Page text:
Mayo Ready To Test Compact MRI Machine
Health + Health Care
Mayo Ready To Test Compact MRI Machine
Researchers are hopeful that smaller, more efficient machines will aid in studying brain disorders and issues.
March 16, 2016
A pair of Mayo Clinic researchers hoping to revolutionize how magnetic resonance imaging is used to scan the brain for a host of neurological and psychiatric disorders this month are celebrating the arrival of a long-anticipated prototype of a compact MRI machine in Rochester, five years after receiving a federal grant.
Drs. John Huston III and Matt Bernstein said they were “popping the corks” last week after the installation of the first-of-its-kind small MRI scanner, developed in conjunction with GE Global Research after the effort was awarded a $5.7 million government research grant in 2011. The resulting compact but powerful 3-Tesla scanner – only one-third the size of traditional machines – was placed in the Charlton North Building on Mayo's Rochester campus in early March.
They say the new brain scanner could be revolutionary: While both lighter and thus less expensive than traditional full-body scanners (it represents a 3-time reduction in weight), it’s also being touted as speedier and more efficient. With radiology comprising an estimated 10 percent of the nation’s healthcare spending – or $270 billion per year – the government is betting that taxpayer funds spent to develop a new generation of smaller MR machines could help lower healthcare costs long-term while also enhancing their medical uses, especially for brain scanning.
Huston, a neuroradiologist, and Bernstein, a medical physicist, said that with the delivery of the prototype from GE, their role is now beginning – namely to test its potential in expanding what MRI can tell doctors about such disorders as aneurisms, stroke, Alzheimer’s disease, Parkinson’s disease, traumatic brain disorder, depression and autism.
“GE did its part by developing this groundbreaking technology, and now there’s a lot of excitement here as we jump in and actually begin doing the research,” Huston said. “We’re going to perform head scans on at least 300 volunteers.
“Basically, there are two major projects. One is a clinical validation that this device is just as good as a standard, whole-body MR machine. So we’ll be directly comparing patients that have an exam on an existing scanner and do the same exam on our compact scanner and just compare image quality. We are highly confident that it’s at least good.”
The other, more exciting aspect of the research will be testing out and quantifying the extent to which the prototype make can make a quantum leap in the speed of delivery for high-quality magnetic images.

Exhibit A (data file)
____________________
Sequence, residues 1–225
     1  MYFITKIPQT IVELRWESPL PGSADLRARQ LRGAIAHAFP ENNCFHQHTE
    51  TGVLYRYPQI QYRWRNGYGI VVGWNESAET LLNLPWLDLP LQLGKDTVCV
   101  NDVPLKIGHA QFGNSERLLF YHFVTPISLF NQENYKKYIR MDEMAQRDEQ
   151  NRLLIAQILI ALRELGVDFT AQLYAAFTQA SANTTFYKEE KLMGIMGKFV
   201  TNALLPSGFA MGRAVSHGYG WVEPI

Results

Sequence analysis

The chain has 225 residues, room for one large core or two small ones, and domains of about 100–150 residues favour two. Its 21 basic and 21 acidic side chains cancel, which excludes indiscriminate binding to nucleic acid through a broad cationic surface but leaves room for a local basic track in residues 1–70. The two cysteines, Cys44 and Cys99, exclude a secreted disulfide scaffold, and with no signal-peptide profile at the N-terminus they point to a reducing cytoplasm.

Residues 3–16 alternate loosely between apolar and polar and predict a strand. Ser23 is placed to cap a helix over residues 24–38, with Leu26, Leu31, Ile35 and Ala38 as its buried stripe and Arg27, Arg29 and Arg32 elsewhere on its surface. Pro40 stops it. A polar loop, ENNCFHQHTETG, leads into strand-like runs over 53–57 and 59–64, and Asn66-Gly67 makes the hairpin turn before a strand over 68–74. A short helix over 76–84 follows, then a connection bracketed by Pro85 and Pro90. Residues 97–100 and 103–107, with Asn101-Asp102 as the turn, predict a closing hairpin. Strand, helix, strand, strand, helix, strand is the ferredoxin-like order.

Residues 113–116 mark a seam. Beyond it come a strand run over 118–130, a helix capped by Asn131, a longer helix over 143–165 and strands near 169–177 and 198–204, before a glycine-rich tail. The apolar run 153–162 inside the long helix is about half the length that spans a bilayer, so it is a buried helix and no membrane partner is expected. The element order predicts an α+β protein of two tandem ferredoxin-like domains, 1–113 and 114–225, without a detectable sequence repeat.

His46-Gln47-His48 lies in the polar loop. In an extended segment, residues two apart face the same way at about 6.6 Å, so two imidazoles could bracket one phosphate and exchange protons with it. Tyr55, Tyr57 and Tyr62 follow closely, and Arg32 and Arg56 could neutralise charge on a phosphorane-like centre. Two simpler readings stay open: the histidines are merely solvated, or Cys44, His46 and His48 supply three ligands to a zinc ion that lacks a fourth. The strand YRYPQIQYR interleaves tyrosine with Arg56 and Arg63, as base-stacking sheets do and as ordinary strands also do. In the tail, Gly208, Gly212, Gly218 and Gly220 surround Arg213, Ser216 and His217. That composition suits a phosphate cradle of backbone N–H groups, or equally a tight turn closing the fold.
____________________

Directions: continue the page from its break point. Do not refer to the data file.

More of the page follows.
“Because of its smaller size, it doesn’t use as much electricity and there aren’t the ‘speed limits’ that exist on whole-body scanners,” Bernstein said. “The really interesting thing will be to figure out how to take advantage of the higher-speed hardware.”
The prototype is part of an emerging trend toward the specialization of MRI technology. Current whole-body scanners remain very valuable but are a “one-size-fits-all” kind of technology. They have no ability to perform the kind of functions that could be achieved by a scanner specially designed to image small areas of the body, such as the brain. Based on new kind of lightweight magnet developed by GE, along with advanced gradient technology, it permits high-resolution MR images of the human brain that are of much higher quality and produced at greater speeds than traditional whole-body systems.
The hope is the Mayo tests will produce brain images that could give physicians much more accurate and reliable information in assessing neurological disorders, Huston said.
“What we’re going to determine is if these images will allow us to more robustly find the changes in the brain associated with neurological diseases,” he said.
The 2011 grant from the National Institutes of Health was given not only because of the effort’s promise to improve treatment of brain disorders, but also to expand the availability of MRI technology generally. The introduction of compact MRI systems could address more than 40 percent of all the imaging conducted today, while at the same time moving the bulky contraptions out of big-city hospitals and into smaller community hospitals and rural settings.
Thus, the hope is healthcare costs could also be reduced by producing smaller, less expensive MR machines and by bringing the technology closer to where patients can access it, no matter where they live.
Meanwhile, should the compact MRI technology prove feasible, it could expand the universe of medical disciplines that may benefit from imaging. For instance, a local application for Mayo could be its touted new proton beam cancer therapy program, in which magnetic images of tumors are used to determine with geometric accuracy where doctors should aim their proton streams in a bid to zap cancer cells but spare nearby healthy tissue.
Bernstein said that process could be greatly aided by the prototype because its technology has demonstrated it can reduce distortion near the near the edges of the images.
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